Apriums: How to choose, store and prepare
In the last several years, designer crosses between plums and apricots have been progressively more popular. Later in the summer we will see the varieties variously called plumcots and pluots, which are closer to plums. Right now we’re getting apriums, which more closely resemble apricots.
Flavor Delight, introduced in 1989, is the granddaddy of the bunch and is quite good. Flavor Anne and Honey Rich are good too. These new fruits are especially valuable because the commercial varieties of apricots -- primarily Patterson and Castlebrite -- lack distinction. If you find freckled little Blenheim or Royal apricots (they’re pretty much the same variety), snap them up and remember what an apricot should taste like.
How to choose: Select these as you would a plum or an apricot: Look for firm fruit that gives slightly under light pressure. The peels should be smooth and unblemished, and the color should be deep and vibrant.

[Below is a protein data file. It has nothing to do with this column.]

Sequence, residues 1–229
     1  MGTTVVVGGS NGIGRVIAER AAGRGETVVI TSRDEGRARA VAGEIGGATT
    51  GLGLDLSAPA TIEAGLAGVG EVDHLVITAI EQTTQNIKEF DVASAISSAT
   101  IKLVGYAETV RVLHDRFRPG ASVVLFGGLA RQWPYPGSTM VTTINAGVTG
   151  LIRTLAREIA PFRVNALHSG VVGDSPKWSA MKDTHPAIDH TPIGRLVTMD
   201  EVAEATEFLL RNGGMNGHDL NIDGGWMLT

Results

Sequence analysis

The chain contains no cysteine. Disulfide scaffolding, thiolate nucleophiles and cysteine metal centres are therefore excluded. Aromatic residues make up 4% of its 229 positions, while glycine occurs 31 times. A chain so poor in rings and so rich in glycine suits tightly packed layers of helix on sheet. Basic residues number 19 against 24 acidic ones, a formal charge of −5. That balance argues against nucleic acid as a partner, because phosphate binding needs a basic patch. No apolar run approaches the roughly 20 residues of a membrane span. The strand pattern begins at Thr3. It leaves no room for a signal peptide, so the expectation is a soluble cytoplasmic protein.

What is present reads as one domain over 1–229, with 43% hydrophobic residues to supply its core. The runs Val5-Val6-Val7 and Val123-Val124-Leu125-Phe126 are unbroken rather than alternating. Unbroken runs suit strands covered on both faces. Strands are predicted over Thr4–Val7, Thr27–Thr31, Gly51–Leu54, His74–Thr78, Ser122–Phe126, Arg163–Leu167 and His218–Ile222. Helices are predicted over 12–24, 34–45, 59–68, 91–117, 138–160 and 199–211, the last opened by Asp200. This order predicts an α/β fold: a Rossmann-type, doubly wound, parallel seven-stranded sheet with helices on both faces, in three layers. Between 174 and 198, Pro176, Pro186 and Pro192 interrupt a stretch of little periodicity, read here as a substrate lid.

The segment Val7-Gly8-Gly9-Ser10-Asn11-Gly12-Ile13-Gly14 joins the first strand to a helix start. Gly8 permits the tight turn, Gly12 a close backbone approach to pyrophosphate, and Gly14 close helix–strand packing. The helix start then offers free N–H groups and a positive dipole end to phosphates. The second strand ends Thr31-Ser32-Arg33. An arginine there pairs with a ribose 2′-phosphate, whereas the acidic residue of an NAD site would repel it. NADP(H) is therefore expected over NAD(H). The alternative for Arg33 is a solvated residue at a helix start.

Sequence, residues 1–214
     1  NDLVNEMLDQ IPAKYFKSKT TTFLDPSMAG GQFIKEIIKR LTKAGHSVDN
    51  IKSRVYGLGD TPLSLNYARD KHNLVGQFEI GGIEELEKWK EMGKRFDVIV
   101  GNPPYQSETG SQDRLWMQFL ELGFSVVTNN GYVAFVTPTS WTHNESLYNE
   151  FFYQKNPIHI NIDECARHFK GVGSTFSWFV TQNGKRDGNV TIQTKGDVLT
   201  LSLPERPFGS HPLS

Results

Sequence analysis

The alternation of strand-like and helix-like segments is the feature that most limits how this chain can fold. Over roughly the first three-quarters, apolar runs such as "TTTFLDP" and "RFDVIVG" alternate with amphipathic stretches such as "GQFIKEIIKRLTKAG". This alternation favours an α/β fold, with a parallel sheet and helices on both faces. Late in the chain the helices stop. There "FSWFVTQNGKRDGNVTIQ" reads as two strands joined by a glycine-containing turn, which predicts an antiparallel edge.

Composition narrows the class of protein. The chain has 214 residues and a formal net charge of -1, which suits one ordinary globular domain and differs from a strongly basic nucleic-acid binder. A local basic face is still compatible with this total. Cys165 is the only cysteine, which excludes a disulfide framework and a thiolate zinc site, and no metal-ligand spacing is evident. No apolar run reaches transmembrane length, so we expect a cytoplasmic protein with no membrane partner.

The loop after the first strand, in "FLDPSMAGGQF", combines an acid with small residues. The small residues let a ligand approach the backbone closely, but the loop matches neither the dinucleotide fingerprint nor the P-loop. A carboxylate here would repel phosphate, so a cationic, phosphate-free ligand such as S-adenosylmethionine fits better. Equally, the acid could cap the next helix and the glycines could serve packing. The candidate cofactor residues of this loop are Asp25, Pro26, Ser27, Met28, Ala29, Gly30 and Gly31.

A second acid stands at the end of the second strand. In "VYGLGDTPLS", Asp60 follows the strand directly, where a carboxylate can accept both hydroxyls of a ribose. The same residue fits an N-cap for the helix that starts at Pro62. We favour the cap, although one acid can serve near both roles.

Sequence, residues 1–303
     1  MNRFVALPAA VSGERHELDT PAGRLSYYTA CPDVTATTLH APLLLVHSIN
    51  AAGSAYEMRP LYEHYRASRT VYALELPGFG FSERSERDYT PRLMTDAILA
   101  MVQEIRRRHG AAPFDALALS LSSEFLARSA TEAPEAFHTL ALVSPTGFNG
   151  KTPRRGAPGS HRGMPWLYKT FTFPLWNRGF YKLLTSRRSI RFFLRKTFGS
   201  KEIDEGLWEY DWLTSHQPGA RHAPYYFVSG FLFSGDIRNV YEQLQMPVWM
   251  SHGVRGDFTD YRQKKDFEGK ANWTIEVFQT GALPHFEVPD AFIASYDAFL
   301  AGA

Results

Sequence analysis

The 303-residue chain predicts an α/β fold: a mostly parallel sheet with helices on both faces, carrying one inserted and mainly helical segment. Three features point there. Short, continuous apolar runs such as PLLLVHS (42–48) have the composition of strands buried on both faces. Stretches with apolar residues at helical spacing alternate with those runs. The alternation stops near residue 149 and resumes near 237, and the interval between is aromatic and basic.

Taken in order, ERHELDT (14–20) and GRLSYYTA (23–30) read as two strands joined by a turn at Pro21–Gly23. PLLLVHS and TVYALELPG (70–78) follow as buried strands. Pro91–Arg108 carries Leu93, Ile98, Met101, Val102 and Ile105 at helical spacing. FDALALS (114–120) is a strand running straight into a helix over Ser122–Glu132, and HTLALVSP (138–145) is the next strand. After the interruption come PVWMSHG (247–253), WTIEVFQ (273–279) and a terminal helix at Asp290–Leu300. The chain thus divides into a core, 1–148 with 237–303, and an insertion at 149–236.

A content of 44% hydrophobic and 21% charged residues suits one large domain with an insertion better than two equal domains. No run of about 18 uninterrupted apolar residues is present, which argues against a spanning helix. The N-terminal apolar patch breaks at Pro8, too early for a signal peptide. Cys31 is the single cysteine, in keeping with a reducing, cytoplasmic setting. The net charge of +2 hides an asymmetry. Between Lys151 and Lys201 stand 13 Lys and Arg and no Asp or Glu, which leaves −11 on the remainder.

How to store: Refrigerate in a tightly sealed plastic bag. They’ll last at least a week.
How to prepare: Apriums can be substituted for apricots in recipes and are especially terrific in crisps. Split them in half and remove the pits. Toss the fruit with some sugar and a tablespoon or two of flour and set aside to macerate. Pulse together in the food processor 1 cup of flour, one-half cup of butter and one-half cup of sugar until it is pebbly. Empty the fruit into a baking dish and scatter the flour mixture over the top. Bake at 400 degrees until the top is brown and crisp and the fruit is bubbling and thick, about 45 minutes.
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